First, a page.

The department's faculty actively contributes to the knowledge base of the three disciplines by conducting original research and publishing it in peer reviewed journals and books as well as in text books. Areas in which faculty members have made significant research contributions include the following: archaeology of the Great Plains; aging in developing countries; child welfare training in Kansas; community development in rural areas; community policing; cultural analysis of cousin marriages; cultural history of African American music; ethnomusicology; democratization in Latin America; environmental sociology; e-commerce; forensic anthropology; globalization; hunger; new immigrant populations in Kansas communities; gendered work settings; linguistics of the Comoros; natural resources and development; North American Indians; the social context of U.S. political policy; quality of life in developing countries; urbanization; school violence; welfare policy in Kansas. The department faculty has strong ties with interest in Latin American Studies as well as South Asian and American Ethnic Studies. The department is also involved in the Agricultural Experiment Station, and faculty members with this responsibility are involved in a variety of research projects that have direct application to central concerns of rural Kansas communities. The forms in which the department's scholarship has been disseminated include scholarly presentations, peer-reviewed journal articles, published reports, books, films, and computer learning modules. Of course, the most frequent type of dissemination is through teaching in the college classroom. Thus, compartmentalizing teaching and research is really a false distinction.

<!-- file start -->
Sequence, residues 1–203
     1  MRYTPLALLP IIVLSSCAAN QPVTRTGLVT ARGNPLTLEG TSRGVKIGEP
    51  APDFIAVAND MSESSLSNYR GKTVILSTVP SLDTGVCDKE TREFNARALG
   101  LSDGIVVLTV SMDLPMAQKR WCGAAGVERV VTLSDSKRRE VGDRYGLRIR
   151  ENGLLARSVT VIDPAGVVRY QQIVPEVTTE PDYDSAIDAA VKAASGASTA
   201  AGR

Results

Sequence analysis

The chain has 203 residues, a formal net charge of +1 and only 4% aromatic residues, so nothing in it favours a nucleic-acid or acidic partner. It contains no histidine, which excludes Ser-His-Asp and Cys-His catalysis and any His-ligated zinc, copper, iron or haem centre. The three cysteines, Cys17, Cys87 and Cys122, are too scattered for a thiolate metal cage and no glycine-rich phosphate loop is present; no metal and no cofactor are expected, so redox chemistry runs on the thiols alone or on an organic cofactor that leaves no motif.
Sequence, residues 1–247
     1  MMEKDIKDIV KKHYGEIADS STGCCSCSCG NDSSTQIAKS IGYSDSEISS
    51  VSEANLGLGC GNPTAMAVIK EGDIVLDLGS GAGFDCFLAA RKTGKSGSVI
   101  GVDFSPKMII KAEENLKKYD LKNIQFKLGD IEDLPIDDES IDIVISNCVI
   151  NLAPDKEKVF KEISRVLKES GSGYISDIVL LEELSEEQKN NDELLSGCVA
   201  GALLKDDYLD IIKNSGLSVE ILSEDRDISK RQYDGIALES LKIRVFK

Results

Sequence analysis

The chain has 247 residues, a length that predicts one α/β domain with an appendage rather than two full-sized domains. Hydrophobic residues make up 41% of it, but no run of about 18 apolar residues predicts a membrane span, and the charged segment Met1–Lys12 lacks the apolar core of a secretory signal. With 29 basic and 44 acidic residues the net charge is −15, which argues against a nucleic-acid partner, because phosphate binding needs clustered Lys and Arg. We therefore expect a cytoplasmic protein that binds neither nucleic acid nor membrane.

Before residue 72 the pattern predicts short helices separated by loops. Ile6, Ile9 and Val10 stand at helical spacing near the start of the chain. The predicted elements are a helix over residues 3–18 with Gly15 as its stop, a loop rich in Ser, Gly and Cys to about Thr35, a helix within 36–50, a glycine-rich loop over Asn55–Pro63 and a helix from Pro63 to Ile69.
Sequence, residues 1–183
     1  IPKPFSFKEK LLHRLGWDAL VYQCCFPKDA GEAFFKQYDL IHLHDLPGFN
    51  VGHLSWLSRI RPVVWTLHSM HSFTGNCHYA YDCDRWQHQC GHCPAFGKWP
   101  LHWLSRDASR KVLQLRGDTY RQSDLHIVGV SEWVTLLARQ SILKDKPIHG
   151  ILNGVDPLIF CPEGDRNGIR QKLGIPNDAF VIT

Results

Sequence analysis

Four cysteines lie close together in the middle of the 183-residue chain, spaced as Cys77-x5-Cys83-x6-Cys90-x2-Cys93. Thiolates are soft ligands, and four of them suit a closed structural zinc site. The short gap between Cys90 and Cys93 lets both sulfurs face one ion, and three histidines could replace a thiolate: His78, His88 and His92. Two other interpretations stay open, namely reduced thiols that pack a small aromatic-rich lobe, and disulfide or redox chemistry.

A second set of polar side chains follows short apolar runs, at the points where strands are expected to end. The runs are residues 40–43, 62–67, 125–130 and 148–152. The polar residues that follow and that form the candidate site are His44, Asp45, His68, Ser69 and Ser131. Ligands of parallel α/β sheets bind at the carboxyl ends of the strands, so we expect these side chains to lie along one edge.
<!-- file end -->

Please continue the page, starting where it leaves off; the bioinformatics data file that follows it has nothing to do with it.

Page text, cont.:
Faculty regularly serve the local community and the state by providing an array of services. These include frequent consultations regarding possibly significant archaeological artifacts found by Kansas citizens, forensic service to Kansas law enforcement agencies, service to various community organizations, such as United Way and the Crisis Center, and advising community leaders on rural community development strategies. Several faculty members are involved in international consulting in areas such as ethnic studies in anthropology in the U.S. and Europe and native rights claims in Canada. Faculty have also served as consultants at the state level, for example, in providing expert testimony to the Kansas legislature on child welfare policy. Faculty members are active in their professions. They organize sessions at scholarly meetings, they serve as officers of professional associations, and they serve in editorial positions for peer reviewed journals and publishers of scholarly books. Faculty members in the Department are heavily engaged in service to the department, college, university, community, and the professions. It is departmental service that gives the department its collective identity. Faculty serve on committees without which the department would certainly lose much of its vitality. Important among these are the curriculum committee, which constantly assesses the adequacy of our programs and looks for ways to improve them through new or different course offerings. Also important are the evaluation committee, which is a peer-review committee that rates the performance level of each faculty member in the department, and the awards committee, which organizes the annual awards ceremony at which outstanding undergraduate majors are honored. College and University service activities are also important, and the department regularly provides representatives to important bodies such as the College Curriculum Committee, the University Faculty Senate, the Graduate Council and the Dean's College Committee on Planning. Finally, many faculty contribute to the university by participating in interdisciplinary programs such as American Ethnic Studies, South Asian Studies, and Women's Studies.